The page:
- Sol Reisberg '13
- Miguel Alvarez-Flatow '14
- Margo Smith
- Max Elder
- Jane Jongeward
- Matthew Metz
- David Masnato
- Austin Griffin
- Sally Wilson
- Athene Cook
- Will Kessenich
- Logan Kinsey
- Ziyue "Zoey" Guo
- Becca Roth
- Cole Dachenhaus
- Sarah Friedman
- Audrey Bebensee
- Glenn McNair
- Aaron Yeoh
- Camila Odio
- Ivonne García
- Lars Matkin
- Zoë Kontes
- Michael Greenberg
- Joan Slonczewski
- Deborah Laycock
- Alberto Solis
- Howard Sacks
- Rachel Goheen, Stephanie Caton, and Nora Erickson
- Linda Metzler
Favorite courses: Microbiology; Biology in Science Fiction
Research grants: National Institutes of Health; National Science Foundation.
Guilty pleasure: Chocolate cake. "I make a good chocolate cake, the best in Gambier."
Inspiring authors: Jane Austen, Robert A. Heinlein, Ursula K. LeGuin.
About Kenyon Science: "Student research is fundamental to the Kenyon experience."
Microbiology is an open book to biology professor Joan Slonczewski. She wrote it.
Microbiology: An Evolving Science is an undergraduate textbook about microbiology published in 2008 and co-authored by Slonczewski, who spent seven years on the project. Describing microbiology was as stimulating to her as writing her acclaimed science fiction novels.
"During the period I wrote this book, there were more exciting things going on in microbiology than there were in science fiction," she said. "There's a lot of storytelling. You tell a story about the microbe and how microbes relate to each other."
Her interest in the unseen mechanics of life has led to research prominence in how Escherichia coli bacteria survive in extreme acid or base environments. With the help of student researchers, Slonczewski seeks to identify genes and proteins regulated by acid and base, possibly targets for the design of new antibiotics. She's also exploring Bacillus subtilis and genes relevant to anthrax and bacterial insecticides.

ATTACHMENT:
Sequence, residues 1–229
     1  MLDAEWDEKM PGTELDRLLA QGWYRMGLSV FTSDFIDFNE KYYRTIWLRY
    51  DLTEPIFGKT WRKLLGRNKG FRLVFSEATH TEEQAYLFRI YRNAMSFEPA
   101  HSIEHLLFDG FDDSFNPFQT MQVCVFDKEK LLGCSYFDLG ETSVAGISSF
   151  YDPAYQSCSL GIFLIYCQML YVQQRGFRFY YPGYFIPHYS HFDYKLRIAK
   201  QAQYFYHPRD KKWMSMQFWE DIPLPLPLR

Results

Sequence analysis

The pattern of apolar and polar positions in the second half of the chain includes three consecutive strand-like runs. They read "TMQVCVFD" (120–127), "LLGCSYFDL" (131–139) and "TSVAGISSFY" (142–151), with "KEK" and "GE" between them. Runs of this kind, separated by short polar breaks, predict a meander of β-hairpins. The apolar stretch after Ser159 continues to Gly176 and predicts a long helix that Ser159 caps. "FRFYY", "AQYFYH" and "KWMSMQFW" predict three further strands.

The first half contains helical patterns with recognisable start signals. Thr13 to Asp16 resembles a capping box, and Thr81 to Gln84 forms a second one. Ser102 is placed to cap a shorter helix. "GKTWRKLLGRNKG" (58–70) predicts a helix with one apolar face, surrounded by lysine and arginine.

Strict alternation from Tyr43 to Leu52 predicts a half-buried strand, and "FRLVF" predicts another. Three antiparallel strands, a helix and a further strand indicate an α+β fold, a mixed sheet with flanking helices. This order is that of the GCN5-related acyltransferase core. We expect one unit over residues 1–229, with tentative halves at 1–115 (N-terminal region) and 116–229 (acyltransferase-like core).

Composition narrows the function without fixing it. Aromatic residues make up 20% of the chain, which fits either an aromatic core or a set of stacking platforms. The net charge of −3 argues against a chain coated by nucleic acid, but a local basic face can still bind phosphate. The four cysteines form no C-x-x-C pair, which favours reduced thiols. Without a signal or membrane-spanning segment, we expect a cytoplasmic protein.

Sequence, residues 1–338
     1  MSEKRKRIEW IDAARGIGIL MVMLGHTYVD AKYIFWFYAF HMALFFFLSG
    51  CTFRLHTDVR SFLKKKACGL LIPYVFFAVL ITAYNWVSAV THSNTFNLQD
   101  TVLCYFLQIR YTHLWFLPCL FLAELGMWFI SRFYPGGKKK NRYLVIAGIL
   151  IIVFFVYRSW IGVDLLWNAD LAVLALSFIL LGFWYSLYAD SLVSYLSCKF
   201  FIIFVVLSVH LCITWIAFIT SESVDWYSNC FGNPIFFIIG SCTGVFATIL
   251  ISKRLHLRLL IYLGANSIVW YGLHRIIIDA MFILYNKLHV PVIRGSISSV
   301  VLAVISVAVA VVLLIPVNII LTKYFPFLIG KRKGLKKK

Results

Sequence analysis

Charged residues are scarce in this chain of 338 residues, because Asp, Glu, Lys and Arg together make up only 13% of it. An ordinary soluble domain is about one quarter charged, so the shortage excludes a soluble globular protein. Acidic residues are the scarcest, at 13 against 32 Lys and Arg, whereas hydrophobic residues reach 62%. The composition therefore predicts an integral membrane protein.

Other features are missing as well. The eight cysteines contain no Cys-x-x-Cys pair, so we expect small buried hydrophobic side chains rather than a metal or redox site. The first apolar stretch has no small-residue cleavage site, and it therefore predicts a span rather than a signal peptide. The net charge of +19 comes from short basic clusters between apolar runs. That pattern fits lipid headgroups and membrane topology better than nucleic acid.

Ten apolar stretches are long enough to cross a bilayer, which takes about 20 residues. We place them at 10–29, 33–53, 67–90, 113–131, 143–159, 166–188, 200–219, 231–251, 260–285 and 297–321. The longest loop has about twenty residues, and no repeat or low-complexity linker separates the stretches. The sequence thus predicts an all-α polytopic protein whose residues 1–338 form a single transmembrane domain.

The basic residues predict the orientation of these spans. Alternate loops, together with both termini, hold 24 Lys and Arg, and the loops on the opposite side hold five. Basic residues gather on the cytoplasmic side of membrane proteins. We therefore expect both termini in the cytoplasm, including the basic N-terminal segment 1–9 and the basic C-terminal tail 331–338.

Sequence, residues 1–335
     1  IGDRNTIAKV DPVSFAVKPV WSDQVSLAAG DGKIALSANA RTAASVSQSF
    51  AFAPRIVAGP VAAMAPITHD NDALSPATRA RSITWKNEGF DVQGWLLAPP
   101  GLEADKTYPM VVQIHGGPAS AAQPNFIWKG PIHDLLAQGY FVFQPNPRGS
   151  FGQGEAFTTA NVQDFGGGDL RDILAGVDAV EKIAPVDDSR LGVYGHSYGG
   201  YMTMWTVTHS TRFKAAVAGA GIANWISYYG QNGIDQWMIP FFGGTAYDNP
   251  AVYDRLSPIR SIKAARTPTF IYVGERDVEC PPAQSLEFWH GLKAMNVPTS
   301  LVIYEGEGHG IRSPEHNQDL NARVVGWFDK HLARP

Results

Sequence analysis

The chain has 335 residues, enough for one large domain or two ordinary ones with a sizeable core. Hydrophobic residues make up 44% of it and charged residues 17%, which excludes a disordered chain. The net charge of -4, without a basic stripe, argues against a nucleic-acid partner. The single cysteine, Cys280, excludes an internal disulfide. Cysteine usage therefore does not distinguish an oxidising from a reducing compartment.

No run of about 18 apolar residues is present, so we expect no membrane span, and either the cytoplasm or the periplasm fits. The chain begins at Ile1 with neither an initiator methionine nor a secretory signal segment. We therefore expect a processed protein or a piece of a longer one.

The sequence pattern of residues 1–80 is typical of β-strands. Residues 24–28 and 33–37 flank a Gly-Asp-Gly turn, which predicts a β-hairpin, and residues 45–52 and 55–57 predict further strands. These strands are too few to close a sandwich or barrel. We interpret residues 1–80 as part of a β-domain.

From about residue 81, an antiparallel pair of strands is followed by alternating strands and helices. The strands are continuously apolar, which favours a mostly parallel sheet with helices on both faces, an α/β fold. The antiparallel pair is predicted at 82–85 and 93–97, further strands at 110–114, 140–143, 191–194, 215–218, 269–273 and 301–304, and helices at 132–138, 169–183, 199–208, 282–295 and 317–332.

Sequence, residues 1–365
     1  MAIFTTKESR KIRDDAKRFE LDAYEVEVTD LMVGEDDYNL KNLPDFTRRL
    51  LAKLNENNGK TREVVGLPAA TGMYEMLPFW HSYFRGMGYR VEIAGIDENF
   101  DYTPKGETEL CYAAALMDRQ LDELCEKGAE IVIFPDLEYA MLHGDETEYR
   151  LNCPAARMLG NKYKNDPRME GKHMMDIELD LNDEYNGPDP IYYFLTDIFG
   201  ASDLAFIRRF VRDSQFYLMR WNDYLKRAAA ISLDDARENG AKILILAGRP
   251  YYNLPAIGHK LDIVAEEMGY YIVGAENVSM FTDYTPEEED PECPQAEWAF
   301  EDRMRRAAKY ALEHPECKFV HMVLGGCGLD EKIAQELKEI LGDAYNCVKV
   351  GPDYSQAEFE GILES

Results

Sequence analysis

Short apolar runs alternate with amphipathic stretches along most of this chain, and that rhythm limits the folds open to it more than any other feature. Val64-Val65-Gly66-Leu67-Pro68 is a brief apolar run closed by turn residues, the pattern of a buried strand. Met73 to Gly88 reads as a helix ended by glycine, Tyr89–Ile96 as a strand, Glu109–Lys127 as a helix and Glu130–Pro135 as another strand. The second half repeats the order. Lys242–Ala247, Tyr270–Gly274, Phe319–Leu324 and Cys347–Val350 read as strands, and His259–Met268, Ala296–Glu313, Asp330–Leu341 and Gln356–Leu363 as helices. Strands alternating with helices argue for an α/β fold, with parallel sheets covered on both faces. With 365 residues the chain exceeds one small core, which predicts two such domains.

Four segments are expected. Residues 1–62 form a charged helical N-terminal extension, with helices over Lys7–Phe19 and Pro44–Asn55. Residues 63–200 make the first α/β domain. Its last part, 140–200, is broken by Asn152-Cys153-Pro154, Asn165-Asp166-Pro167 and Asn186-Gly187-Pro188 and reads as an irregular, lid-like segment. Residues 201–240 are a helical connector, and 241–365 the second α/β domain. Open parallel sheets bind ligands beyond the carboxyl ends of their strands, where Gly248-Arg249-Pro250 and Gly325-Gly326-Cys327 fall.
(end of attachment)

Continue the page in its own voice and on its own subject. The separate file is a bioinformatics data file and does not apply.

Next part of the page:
That her research has some medical relevance is a balm to her parents, who encouraged her to pursue medicine. Her father is a physicist.
"I'm interested in how people interact with science."
"I was interested very early in cell biology," she said. "I think that was because when I was growing up very few books were in color and one of the first children's books I read that was in color was a book about the human body. I got interested in that."
Books have continued to be life markers for Slonczewski. Her reading of classic literature helped spark her interest in writing. Her bedrock knowledge of science and global concerns brought forth a string of science fiction novels contemplating nuclear holocaust, how humans relate to their environment, and the essence of humanity.
"My first really successful book was A Door into Ocean, about two cultures and each considers the other inhuman or alien. So there were gender issues and sort of ethnic, genetic issues behind that," she said. "My more recent book, Brain Plague, dealt with much more extreme issues, where humans had to deal with microbes that could be considered human and machines that could be considered human. So what is a person?"
Writing is a solitary affair, and teaching is a communal experience. Interaction with students is enlightening to Slonczweski. "I'm interested in how people interact with science, so I enjoy learning from students as well as teaching them."